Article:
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Yes.

I've never actually tested that application to see how waterproof it is, Mike, and I should. But our experience is that Schluter is pretty straight forward with their product claims. If you're not comfortable with it, don't do it.

Thinset mortar is not waterproof.

1. Theoretically it could be done in one step, I would never even consider trying it in fewer than two.

2. I think keying-in is the term you're looking for. Answer is, "Do the best you can." The end of a margin trowel might be your best tool. If it's too wide, make in more narrow.

3. Make the subfloor very, very flat and you should have no trouble making your Ditra installation very, very flat.

My opinion; worth price charged.
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Old 09-24-2013, 02:55 PM   #28
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Quote:
Originally Posted by CX
I've never actually tested that application to see how waterproof it is, Mike, and I should. But our experience is that Schluter is pretty straight forward with their product claims. If you're not comfortable with it, don't do it.
I'm OK with it, sometimes I'm simply too curious. I don't plan to turn my bathroom into a wading pool!


Quote:
Originally Posted by CX

1. Theoretically it could be done in one step, I would never even consider trying it in fewer than two.

2. I think keying-in is the term you're looking for. Answer is, "Do the best you can." The end of a margin trowel might be your best tool. If it's too wide, make in more narrow.
Yes, "keying-in".

I'm willing to take as many steps as it takes to decrease stress and rush and increase confidence in the install. So, not less than 2 steps.

*Question #1*: Would it make sense then to use three applications of thinset up to the point the Ditra is bonded on top of the wires?

One thin layer to key-in to the plywood, glue the wires on, then a second application of thinset to the top of the wires, followed by a layer to bond the Ditra?

This would avoid having to key-in the thinset with a 1 1/2" knife around the wires.

How would the experts do this (assuming quickness was not the primary consideration)?



Quote:
Originally Posted by CX
3. Make the subfloor very, very flat and you should have no trouble making your Ditra installation very, very flat.
That makes me feel better. The subfloor is very flat (no detectable dips or humps with a four foot level) although it is not quite level. It slopes as much as 1/16" over four feet.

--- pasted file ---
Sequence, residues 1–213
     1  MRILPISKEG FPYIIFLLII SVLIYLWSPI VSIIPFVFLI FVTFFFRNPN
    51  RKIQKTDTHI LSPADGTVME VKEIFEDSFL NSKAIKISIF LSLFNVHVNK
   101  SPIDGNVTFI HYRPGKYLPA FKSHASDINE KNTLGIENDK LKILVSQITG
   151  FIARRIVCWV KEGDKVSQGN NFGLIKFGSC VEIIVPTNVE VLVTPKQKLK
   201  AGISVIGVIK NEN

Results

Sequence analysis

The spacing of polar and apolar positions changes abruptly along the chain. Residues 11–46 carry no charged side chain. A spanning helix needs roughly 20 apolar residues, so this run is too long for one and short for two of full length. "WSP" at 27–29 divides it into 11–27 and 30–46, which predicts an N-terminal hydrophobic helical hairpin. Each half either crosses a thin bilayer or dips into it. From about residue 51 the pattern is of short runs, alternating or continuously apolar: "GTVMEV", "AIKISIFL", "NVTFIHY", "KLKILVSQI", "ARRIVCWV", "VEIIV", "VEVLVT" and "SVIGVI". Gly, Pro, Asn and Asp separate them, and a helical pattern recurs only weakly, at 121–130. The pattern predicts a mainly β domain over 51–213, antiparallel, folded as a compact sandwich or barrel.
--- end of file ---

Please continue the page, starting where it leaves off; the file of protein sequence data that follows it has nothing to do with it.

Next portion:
*Question #2* Is there an article or collection of Ditra install tips and techniques that go beyond the Schluter literature?
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Old 09-24-2013, 04:55 PM   #29
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1. You could do that.

2. Not that I'm aware of. The Ditra Installation Handbook is the best source I know of. Available online.

It's a very simple operation, though. Biggest problem folks generally have is the result of not mixing the thinset mortar correctly. It wants to be rather fluid but still hold its shape when you comb it with a notched trowel.

My opinion; worth price charged.
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Old 09-25-2013, 01:36 PM   #30
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Thanks CX.

1) Can you give me an idea of how thin I can spread the first application of thinset? Is 1/32" OK?

2) I assume the next layer that embeds the heating wire will bond to the cured thin layer underneath without lots of keying-in? Would you mix all layers of thinset to the same consistency?

3) Since the heating wires will cause thermal expansion I assume I should use a modified thinset with plenty of acrylic. Would Ditra-set with Bostik 447 Flex-a-lastic additive be suitable? I realize this is likely more expensive than necessary but I am trying to keep the thickness down at each step and assume flexibility is a good thing here. The area is quite small so the extra expense will be relatively small. Additionally, using the same thinset for setting the shower tiles, Kerdi membrame, heating wire, Ditra and floor tiles will minimize the number of half-used bags left over.